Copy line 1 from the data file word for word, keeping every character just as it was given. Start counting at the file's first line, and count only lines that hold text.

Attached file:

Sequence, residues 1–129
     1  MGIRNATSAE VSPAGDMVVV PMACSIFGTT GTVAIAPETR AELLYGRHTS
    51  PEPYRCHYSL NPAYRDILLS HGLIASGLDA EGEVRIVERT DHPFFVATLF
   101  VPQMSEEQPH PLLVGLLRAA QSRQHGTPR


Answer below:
Sequence, residues 1–129